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Toronto leaders call on feds to investigate suspected hate-motivated arson as possible act of terror

Click to play video: 'Toronto leaders call on feds to investigate arson at Jewish-owned grocery store as possible act of terror'
Toronto leaders call on feds to investigate arson at Jewish-owned grocery store as possible act of terror
WATCH: After a Jewish-owned grocery store in North York was set on fire and vandalized in a suspected hate crime last week, a Toronto deputy mayor and city councillor are calling on the federal government to investigate the incident as a possible act of terrorism. Kayla McLean has the story. – Jan 8, 2024

Toronto leaders are calling on the federal government to investigate a suspected arson and vandalism at a Jewish-owned grocery store in North York as a possible act of terror.

On Monday, deputy mayor for north Toronto Mike Colle spoke to reporters outside International Delicatessen Foods, the site where the suspicious fire took place last week, and said the incident “crossed the line.”

“This is more than just an arson. This was a targeted act of intimidation against this shopkeeper because he’s Jewish,” Colle said.

Colle and James Pasternak, city councillor for York Centre, are now urging the federal minister of justice and the attorney general to investigate this attack.

“In order to prevent a dangerous escalation in hate-related incidents across the City of Toronto, it is critical that the federal government take this criminal act seriously and to investigate it as a possible act of terror,” Colle said in a statement.

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The leaders also said provincial and federal governments need to “step up” and help local police and the City of Toronto as they deal with these incidents in “anyway that they can.”

“Our federal and provincial leaders need to immediately address these hate-motivated actions with additional legislative change to ensure local law enforcement has the tools available to investigate and act,” reads the statement.

Late last year, both the provincial and federal governments announced they would be putting forward funding to help support communities impacted by hate.

The Ontario government said it’s offering more than $20 million to address hate-motivated incidents in the province, with a focus on helping Muslim and Jewish communities.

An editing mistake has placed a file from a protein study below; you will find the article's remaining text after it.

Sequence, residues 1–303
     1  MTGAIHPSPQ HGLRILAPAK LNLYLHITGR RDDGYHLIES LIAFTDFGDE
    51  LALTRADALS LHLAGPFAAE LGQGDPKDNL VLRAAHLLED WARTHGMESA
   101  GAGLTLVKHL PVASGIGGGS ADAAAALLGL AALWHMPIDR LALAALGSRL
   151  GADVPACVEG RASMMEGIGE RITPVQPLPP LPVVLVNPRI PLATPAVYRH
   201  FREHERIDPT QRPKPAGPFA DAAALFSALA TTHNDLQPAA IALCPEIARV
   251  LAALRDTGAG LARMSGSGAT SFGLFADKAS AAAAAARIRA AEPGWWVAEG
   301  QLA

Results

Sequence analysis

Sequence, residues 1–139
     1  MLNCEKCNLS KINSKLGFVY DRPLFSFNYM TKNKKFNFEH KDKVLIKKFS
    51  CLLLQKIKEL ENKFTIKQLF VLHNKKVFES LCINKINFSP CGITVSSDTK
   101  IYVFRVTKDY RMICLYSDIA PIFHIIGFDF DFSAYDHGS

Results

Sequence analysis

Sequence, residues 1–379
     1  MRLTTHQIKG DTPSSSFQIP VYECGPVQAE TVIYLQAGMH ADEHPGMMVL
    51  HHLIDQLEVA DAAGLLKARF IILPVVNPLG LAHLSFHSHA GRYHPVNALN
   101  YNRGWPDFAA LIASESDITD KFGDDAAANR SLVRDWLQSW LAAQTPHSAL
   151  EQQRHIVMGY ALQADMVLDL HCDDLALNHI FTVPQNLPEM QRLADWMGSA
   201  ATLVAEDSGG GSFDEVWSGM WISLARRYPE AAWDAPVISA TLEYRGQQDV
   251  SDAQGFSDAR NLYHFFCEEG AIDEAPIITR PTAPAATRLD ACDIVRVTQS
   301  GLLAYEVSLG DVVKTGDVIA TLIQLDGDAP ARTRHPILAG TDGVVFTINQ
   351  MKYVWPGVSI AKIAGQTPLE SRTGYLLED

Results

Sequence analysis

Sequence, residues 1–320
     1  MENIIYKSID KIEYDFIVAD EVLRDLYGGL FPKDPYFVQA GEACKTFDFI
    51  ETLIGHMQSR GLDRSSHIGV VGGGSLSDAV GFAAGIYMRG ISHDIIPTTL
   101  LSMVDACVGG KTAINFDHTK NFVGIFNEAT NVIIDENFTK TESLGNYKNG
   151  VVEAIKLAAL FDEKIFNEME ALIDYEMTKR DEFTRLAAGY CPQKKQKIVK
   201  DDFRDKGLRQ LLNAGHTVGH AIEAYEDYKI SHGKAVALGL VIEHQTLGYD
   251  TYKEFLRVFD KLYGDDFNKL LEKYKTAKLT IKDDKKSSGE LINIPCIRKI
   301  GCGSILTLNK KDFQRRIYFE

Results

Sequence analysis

The provincial government said grants of up to $20,000 are being offered and can be used to hire security staff, install surveillance cameras and make repairs to buildings. The money can also be used for cyber security and to help clean up after incidents of vandalism.

Moreover, the federal government announced the expansion of its Security Infrastructure Program (SIP), and said it is putting forward a total of $10 million to help Canadian communities at risk of hate-motivated crimes “protect and strengthen the security of their community centres, places of worship and other institutions.”

Jaime Kirzner-Roberts, vice president of the GTA Centre for Israel and Jewish Affairs, said she is grateful for “deputy mayor Colle and councillor Pasternack for continuing to stand with the Jewish community.”

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“We have full confidence in the police to follow the evidence and take their investigation in whatever direction it needs to go so that the perpetrator is held accountable. If the evidence shows this was indeed an act of terror, we expect the police and justice system to treat it as such – the priority is to see the perpetrator caught by police and brought to justice,” Kirzner-Roberts said in a statement.

“We hope to see more politicians from every level of government condemn and enforce the law to prevent these acts of hate from continuing.”

Global News. Global News

Officers and fire crews were called to the north Toronto grocery store around 6 a.m. on Jan. 3 and discovered a fire inside the building and the words “Free Palestine” written on the building’s exterior.

While no arrests have been made, Staff Supt. Pauline Gray previously said the Toronto Police Service will use all of the force’s resources available to “investigate, arrest and prosecute those responsible for this.”

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Gray said this incident was a “tipping point.”

“This is not graffiti on a bus shelter. This is not lawful protests protected by constitutional right. This is a criminal act. It is violent, it is targeted, it is organized and it will receive the weight of the Toronto Police Service to do exactly what it deserves,” Gray said.

This incident came after Toronto police reported there’s been a spike in hate crimes since the start of the Israel-Hamas conflict, with a little over half of those reported to be antisemitic.

Police say between Oct. 7 and Dec. 17, 2023, there were 98 reported hate crimes in Toronto, compared with 48 over the same period in 2022.

That included 56 reported antisemitic incidents, compared with 18 over the same period last year. It also accounts for 20 reported incidents targeting Muslims, Arabs or Palestinians — compared with just two over the same period in 2022.

Click to play video: 'Police investigate suspected hate-motivated arson at Jewish-owned deli'
Police investigate suspected hate-motivated arson at Jewish-owned deli

— with files from Global News’ Issac Callan and The Canadian Press.

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